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Licon vocant grece agnum castum supra in agno.


Licon (-cõ AC) AC ef | Lichon B


Latin agnus castus the Greeks call in their language licon. For more see above under agnus castus.


The synonym in question is Greek λύγος /lýgos/, which really means "withy" and "withy twigs" in the plural. Simon's form is derived from the accusative λύγον /lýgon/ depending on vocant. The word has undergone the late Greek sound change υ > ι {/y/ > /i/} resulting in /lígos/, written ligos, the form found e.g. in Dioscorides Longobardus. Simon's form licon is most likely hypercorrect, since in the Western Romania beginning in Northern Italy over to the extreme West intervocalic /k/ was changed into /g/, e.g. Latin lacus > Spanish/Portuguese lago. When scribes from this linguistic background were confronted with words containing intervocalic /g/, they sometimes wrongly assumed that in the written Latin language this must have been a /k/.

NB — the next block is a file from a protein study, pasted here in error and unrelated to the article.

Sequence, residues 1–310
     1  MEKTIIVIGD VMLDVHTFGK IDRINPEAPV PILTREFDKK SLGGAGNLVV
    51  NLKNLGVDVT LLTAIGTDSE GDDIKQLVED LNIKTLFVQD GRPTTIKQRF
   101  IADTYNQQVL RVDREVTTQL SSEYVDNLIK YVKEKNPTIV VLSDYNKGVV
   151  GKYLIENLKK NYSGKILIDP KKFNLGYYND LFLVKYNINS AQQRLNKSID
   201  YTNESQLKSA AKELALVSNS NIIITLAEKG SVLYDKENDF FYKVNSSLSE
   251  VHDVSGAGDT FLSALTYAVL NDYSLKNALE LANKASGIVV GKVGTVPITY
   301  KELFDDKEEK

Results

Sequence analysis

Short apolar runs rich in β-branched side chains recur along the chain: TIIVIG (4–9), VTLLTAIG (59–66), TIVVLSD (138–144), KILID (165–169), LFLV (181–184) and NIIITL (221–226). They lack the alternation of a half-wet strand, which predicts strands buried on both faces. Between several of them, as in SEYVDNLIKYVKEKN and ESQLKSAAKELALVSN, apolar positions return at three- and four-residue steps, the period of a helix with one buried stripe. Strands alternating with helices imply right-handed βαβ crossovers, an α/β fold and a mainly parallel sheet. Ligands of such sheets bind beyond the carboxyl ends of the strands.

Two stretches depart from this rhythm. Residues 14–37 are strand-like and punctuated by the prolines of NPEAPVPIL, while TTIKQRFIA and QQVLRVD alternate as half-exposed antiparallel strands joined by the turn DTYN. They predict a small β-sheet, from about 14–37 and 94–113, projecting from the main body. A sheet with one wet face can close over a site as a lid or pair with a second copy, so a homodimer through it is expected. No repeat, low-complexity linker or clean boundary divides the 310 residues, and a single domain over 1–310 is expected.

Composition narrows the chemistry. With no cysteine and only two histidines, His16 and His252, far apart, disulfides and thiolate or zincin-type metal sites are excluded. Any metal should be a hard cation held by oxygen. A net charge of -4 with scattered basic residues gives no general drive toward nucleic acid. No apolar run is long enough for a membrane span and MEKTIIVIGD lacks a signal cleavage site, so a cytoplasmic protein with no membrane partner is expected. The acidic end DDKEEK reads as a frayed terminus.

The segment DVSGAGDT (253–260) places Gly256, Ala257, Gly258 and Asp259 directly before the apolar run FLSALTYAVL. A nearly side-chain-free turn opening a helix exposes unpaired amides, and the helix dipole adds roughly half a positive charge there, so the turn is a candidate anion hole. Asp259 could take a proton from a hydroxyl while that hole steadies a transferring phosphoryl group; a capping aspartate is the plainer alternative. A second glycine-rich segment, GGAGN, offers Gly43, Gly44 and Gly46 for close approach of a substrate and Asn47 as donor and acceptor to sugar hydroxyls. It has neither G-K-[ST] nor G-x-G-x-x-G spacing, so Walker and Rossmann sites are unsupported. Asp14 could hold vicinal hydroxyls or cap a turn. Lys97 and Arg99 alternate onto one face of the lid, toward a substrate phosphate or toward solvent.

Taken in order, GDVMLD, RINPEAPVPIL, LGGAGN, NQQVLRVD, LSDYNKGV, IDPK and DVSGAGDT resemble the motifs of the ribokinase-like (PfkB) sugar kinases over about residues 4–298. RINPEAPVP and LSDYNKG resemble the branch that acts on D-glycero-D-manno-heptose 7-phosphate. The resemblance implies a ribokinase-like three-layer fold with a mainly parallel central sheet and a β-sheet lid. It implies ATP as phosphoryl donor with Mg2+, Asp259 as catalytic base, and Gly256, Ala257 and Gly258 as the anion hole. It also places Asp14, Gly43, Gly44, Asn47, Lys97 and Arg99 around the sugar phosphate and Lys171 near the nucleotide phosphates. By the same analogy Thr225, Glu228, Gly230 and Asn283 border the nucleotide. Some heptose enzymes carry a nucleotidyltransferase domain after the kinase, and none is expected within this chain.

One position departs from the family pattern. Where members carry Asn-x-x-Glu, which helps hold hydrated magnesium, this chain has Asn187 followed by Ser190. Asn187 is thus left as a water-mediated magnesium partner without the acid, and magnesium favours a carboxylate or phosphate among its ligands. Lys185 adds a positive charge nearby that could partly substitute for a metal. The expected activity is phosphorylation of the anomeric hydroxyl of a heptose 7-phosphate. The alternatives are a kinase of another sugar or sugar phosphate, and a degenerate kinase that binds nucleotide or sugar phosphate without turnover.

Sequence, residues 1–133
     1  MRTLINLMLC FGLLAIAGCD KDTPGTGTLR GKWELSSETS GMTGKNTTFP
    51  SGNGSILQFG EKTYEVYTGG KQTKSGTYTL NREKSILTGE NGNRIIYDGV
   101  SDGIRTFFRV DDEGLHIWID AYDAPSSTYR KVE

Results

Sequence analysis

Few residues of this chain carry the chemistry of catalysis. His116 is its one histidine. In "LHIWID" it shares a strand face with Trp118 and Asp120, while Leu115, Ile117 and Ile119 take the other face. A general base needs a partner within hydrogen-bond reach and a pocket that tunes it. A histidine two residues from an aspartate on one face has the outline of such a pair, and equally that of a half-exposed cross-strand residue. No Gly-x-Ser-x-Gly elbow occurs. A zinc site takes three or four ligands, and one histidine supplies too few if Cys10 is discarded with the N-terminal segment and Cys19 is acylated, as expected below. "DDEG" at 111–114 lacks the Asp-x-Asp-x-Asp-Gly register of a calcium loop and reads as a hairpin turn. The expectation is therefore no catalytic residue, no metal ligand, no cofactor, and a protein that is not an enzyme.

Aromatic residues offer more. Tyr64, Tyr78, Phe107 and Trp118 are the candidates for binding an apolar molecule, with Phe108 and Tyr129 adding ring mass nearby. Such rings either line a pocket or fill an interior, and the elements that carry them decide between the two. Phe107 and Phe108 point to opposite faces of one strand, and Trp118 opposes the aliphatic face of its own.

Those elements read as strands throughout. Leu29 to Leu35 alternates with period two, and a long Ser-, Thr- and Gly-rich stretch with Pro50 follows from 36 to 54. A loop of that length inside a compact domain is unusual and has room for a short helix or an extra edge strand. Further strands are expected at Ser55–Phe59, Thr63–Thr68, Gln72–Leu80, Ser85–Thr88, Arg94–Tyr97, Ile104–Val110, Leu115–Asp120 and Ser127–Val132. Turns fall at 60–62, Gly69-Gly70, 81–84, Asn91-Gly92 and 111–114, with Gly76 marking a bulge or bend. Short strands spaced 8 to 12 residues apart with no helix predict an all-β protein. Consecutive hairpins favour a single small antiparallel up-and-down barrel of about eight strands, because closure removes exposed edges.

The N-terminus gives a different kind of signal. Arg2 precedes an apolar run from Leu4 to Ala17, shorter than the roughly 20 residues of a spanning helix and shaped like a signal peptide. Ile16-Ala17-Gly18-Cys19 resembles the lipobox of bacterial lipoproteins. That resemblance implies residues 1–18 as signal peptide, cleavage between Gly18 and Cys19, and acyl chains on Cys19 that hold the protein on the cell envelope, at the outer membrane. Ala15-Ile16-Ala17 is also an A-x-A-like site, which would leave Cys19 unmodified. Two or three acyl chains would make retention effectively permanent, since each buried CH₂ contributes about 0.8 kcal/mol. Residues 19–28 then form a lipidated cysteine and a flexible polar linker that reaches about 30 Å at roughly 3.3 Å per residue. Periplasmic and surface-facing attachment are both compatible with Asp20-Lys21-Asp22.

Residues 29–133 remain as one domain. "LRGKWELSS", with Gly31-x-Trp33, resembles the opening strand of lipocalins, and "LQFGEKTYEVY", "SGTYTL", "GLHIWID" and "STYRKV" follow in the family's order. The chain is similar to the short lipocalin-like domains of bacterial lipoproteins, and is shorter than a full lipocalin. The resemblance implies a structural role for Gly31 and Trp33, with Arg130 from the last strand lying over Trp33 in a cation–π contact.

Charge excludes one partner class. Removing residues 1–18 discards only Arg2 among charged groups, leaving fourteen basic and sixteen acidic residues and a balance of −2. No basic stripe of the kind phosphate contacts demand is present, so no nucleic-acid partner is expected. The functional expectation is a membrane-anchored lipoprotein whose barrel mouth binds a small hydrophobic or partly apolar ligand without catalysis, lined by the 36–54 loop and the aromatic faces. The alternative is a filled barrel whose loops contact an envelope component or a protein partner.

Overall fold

Greek λύγος /lýgos/ is mentioned by Dioscorides, 1, 103, ed. Wellmann (1906-14: I.94): ἀγνος ἢ λύγος "/ágnos/ or /lýgos/", thus opening the chapter with the two most common Greek names for Vitex agnus-castus L., the "chaste tree".

Wilf Gunther 14/12/13

See also: Agnus castus

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